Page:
So glad my photos were of interest to so many... I'll try to post more as I can.

Looking back, my head is filled with images of predawn launches, mesmerizing bioluminescence, wonderful sunrises and a truly magnificent coastline. Not to mention having my life and comfort governed by winds that were often relentless and unpredictable.

Dawn, kayak deck and hatches locked and loaded, eager to move on, waiting for a gusting offshore wind to ease...







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[*] posted on 11-11-2015 at 01:41 AM


And DosMars not sure if you've seen the 2014 Return to Malarrimo stories on my website?

http://www.grahammackintosh.com/Pages/ReturntoMalarrimoBeach...

http://www.grahammackintosh.com/Pages/SandIslandCoyotesandDo...





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[*] posted on 11-11-2015 at 07:47 AM


Quote: Originally posted by Graham  
And DosMars not sure if you've seen the 2014 Return to Malarrimo stories on my website?

http://www.grahammackintosh.com/Pages/ReturntoMalarrimoBeach...

http://www.grahammackintosh.com/Pages/SandIslandCoyotesandDo...



Thanks for posting the links here again.

Getting to Sand Island was the quest of Murl Emery with Erle Stanley Gardner in his 1960 'Hunting the Desert Whale'... another industry for Baja, like visiting the giant cave paintings of San Francisco de la Sierra seen in Gardner's 1962 'Hidden Heart of Baja'.




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[*] posted on 11-11-2015 at 08:25 AM


Thank you for the links Graham, just finished the Sand Island writeup!
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[*] posted on 11-11-2015 at 08:40 AM


And just finished the Malarhimo writeup :)
Mark (Mark_BC) and I headed down last year to see if we could run across any tsunami debris, but were sidetracked and spent three days on an amazing cove near your departure point on your most recent trip and ran low on time...

That's what I love about Baja, you can plan out a trip but they always seem to evolve into something amazingly different.
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[*] posted on 11-11-2015 at 09:51 AM


Quote: Originally posted by DosMars  


That's what I love about Baja, you can plan out a trip but they always seem to evolve into something amazingly different.




^^^^ So true DosMars
And thanks David and Graham for taking us along, looking forward to the pics and notes :cool:
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[*] posted on 11-11-2015 at 10:06 AM


Quote: Originally posted by Graham  
I'm with David... I'd be intrigued to see the proposed bike route. There are long stretches of high cliffs and as Ed Wills told me back in 1983, why do you think there are no roads along there?


I don't want to be the one who opens the place up to a permanent quad route in though! But I guess if I go in then the cat will be out of the bag if I write it up.

Hopefully I can get some time off in the next 6 months to go again before the summer heat. Just got my full time job back...

Quote: Originally posted by Graham  
As for smoking fish... may be tons of firewood but I was usually so exhausted at day's end I didn't have the energy to struggle with a fire in the wind and try to cook. A bowl of cereal and dried milk, and a fi-bar inside my tent and I was happy.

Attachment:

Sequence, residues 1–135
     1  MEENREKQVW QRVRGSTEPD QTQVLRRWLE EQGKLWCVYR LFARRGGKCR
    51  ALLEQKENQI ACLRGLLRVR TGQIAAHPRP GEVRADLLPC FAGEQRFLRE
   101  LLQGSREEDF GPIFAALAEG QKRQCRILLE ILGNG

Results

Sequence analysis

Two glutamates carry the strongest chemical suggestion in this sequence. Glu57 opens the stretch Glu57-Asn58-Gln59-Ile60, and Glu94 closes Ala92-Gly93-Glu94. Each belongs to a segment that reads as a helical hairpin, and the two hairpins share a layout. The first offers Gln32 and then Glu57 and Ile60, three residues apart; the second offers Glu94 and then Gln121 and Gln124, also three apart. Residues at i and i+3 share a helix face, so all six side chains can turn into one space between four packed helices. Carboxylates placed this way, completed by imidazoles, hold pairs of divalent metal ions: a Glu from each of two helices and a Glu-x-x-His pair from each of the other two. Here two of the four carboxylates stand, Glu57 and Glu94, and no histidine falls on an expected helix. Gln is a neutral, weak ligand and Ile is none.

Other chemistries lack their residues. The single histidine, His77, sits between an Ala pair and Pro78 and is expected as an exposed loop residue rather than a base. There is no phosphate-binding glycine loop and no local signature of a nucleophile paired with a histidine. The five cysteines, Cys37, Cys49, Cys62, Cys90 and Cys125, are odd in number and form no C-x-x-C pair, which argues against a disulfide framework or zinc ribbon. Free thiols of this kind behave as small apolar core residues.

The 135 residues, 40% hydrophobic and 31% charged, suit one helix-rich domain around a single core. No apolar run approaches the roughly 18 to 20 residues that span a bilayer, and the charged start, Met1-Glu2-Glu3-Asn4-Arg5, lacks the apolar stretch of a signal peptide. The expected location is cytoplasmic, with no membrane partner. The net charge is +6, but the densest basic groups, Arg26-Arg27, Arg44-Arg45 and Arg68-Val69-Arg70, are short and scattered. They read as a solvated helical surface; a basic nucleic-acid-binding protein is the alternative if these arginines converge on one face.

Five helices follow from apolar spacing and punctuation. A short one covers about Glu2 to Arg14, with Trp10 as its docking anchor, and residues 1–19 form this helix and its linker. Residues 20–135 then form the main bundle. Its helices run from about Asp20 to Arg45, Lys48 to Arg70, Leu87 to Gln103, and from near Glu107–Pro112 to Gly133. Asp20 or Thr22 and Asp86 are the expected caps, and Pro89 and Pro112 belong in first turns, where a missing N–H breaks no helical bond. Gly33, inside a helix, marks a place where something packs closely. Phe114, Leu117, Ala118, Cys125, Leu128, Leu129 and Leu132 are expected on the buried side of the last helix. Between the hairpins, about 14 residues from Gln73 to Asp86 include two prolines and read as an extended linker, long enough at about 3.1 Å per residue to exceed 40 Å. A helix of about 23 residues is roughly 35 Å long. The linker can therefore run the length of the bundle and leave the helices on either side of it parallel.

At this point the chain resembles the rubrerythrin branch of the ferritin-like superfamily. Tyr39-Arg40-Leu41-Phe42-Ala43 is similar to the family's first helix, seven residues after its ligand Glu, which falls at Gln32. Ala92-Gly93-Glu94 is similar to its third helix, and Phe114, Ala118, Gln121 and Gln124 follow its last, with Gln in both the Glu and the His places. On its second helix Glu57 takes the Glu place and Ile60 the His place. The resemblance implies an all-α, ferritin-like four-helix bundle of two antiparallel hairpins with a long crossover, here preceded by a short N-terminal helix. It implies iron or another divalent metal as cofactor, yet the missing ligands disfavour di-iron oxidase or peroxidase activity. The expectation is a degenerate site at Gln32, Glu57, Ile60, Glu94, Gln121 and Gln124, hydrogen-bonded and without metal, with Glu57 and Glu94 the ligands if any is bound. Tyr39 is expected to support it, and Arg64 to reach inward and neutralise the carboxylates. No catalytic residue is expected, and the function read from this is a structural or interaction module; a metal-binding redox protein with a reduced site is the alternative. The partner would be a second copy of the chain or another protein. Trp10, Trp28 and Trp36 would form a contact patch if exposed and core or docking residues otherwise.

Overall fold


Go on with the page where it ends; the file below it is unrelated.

That's what DosMars (or anyone else who comes) will do! And I'll desalinate. Actually drying fish would be a Plan B to get food in case something happens and you run out, just like distilling seawater over the fire is a Plan B in case the main desalinator breaks down. I'd rely on bringing food in, except when camped on shore and can eat fish right there.

Riding the bike through the canyons is easy compared to paddling in wind! That must have been brutal and frustrating. But then when you get calm winds and currents going your way it is so nice. Looking forward to more photos.

[Edited on 11-11-2015 by Mark_BC]
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[*] posted on 11-12-2015 at 10:51 AM


The paddle down was so fascinating, but being alone there was barely enough hours in the day to get things done.

One of the last chores of the night was exiting my tent and walking up and down the beach with my flashlight chasing away the glowing eyes. Really made Halloween extra special this year.

I was fortunate to have the kayak to secure food and water, and large lidded plastic containers that I could coyote-proof.

Between the crows and mice and coyotes, if you don't secure stuff... it's history.

The mice would be crawling over my shoes and running all over my gear while I'd be sitting out by my campfire or stargazing with my humble ration of grog.

I guess you're never really alone in Baja...

Five of the seven coyotes circling my tent on the saltflats near Calamajue

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[*] posted on 11-12-2015 at 01:46 PM


Nice camp set up! We also use one of those 'Hawaiian' mats at the tent door to keep sand out.

You spent 4 nights at one of the stops. Was that to mostly wait out the wind or did you do a canyon exploration?




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[*] posted on 11-13-2015 at 11:31 AM


Yes, that was my ideal camp set up... didn't always looks so neat, like when I was forced to camp on rocks.

The four nighter was when the sea turned to caramel sludge in the big blow, mentioned higher up the page.

And a couple of those nights became wild scrambles to move my tent and kayak when surging waves kept smashing higher up the beach.

I explored both north and south and inland a bit, and checked coast ahead, but it was so crazy windy I was in danger of being blown off the cliffs.

Anyway, all worked out and I was able to get away early morning into a relatively mild sea.


The view from my campsite!

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[*] posted on 11-13-2015 at 03:31 PM


Wow....that is a lot of wave action Graham!